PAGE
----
we are already living in the cyberpunk future and i know this because within a span of 3 days we went from this tweet:
to thousands of people making phony images and replying to them with their passionate desire to have them as a tshirt to overload the bots with nonsense and junk and send out warnings to shoppers like this:
and now we even have people replying to pictures of baby yoda with “i want this on a tshirt” knowing how ravenous disney is being with copyright in hopes to get the stores taken down altogether
i dont know what it is about stuff like this and the whole turn mei into a symbol of hk protesters thing but, its really reassuring for some reason
I’m fucking screaming
It is the late 19th century and you are a child. You have faced many hardships in your young life. The American Civil War is still a fresh in the minds of your family members, you yourself may need to work in order to help supply your family with food and clothing, and perhaps you have already had to attend the funerals of some siblings. This is, of course, if you have a family at all. But you do have a family, and today is a day of celebration. A birthday perhaps, or maybe Christmas, and your home is bustling with activity, voices, and delectable food in honor of the occasion. The time has come for dessert and you eagerly take your piece before cutting into it. Smelling the warm sugar you look down and discover something sticking out of your food. A face. A small dead white face attached to a small white naked body staring blankly at you. You exclaim not out of horror, but out of happiness. You found it! How lucky! You are congratulated and reminded about the importance of listening to your parents, you don’t want to end up dead do you? The message is serious but at the moment you are simply happy being the winner of a new Frozen Charlotte doll.
An assortment of Frozen Charlottes
How is it that finding a small porcelain corpse in a dessert became a happy find that gave the lucky winner a playful nudge about obeying their parents? The story begins in 1843 when Maine journalist Seba Smith first penned a poem for the newspaper The Rover entitled “A Corpse Going to a Ball”. Published on December 28th 1843, the poem told the story of a young girl named Charlotte who freezes to death on her way to a New Year’s Eve ball with her beau Charlie. According to the poem Charlotte’s mother pleads with her daughter to bundle up against the horrific cold that the two would be facing on their sleigh ride into town but the young girl refuses, saying she simply could not be seen bundled up like that. Along the short fifteen mile ride to town Charlotte freezes to death with Charlie discovering her frozen corpse sitting upright in the sleigh after arriving at the ballroom. What could have inspired such a tragic tale? According to Smith, the poem was inspired by a true story he read the New York Observer on Feb 8, 1840 in which “A young woman… was frozen to death while riding to a ball on Jan 1, 1840.”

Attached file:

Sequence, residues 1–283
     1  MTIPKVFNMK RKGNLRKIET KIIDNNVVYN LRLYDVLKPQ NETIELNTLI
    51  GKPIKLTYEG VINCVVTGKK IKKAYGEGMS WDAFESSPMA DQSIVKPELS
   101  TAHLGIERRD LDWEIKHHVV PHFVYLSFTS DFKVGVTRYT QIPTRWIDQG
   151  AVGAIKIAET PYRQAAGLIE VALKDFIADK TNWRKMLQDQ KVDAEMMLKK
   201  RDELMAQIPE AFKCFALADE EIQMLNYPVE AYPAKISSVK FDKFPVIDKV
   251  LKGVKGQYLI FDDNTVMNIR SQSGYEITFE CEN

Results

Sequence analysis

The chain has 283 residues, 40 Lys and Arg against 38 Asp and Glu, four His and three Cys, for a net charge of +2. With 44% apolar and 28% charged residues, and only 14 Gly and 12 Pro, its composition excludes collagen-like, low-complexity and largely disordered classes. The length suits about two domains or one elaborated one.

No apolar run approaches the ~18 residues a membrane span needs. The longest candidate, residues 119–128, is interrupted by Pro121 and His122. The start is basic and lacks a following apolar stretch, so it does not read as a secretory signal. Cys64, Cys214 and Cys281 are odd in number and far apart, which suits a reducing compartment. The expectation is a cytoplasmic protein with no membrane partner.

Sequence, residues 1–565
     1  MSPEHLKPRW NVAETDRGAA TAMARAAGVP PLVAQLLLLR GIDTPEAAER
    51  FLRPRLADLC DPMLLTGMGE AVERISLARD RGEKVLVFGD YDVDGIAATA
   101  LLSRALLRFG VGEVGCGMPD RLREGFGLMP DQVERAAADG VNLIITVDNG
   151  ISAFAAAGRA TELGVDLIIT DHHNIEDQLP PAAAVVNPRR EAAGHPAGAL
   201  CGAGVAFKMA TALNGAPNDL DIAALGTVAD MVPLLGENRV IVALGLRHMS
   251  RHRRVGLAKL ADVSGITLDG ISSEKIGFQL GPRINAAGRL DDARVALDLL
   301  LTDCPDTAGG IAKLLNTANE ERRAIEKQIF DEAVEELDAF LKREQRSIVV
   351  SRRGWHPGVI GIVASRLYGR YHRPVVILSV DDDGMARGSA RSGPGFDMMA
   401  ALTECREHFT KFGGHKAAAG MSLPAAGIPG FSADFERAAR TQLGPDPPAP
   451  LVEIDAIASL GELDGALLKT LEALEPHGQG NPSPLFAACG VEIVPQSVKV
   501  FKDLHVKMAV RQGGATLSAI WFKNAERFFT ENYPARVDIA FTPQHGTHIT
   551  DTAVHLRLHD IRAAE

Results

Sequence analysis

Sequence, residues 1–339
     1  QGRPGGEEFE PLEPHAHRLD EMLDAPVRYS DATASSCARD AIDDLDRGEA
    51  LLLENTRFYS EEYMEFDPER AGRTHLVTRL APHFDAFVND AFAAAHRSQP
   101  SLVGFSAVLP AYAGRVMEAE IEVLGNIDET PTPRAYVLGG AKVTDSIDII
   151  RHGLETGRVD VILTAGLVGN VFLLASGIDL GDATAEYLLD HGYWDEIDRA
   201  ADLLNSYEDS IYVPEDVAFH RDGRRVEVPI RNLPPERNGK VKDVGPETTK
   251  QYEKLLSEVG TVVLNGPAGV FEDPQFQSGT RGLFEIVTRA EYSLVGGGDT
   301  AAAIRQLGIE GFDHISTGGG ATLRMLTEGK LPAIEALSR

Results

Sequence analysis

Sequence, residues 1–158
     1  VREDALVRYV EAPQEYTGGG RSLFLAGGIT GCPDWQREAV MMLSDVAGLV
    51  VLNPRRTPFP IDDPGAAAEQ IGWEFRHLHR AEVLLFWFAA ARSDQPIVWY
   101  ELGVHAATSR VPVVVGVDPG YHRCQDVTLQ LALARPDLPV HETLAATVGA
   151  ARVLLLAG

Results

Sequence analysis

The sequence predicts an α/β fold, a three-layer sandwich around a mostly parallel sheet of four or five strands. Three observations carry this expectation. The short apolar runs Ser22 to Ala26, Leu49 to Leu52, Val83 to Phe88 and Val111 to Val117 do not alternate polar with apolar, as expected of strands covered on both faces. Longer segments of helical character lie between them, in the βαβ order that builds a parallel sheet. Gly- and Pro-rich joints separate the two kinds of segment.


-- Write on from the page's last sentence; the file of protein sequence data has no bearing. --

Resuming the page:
“A Corpse Going to a Ball” as it originally appeared in newspapers
Smith’s poem about the young naïve girl would be reprinted several times and given new titles such as “The Frozen Girl”, and most popularly “Young Charlotte”. Over time alternate endings were also given to the tale such as one telling how Charlie had to return Charlotte’s corpse to her family, another telling how Charlie soon met his own death from heartbreak, and an ending verse warning: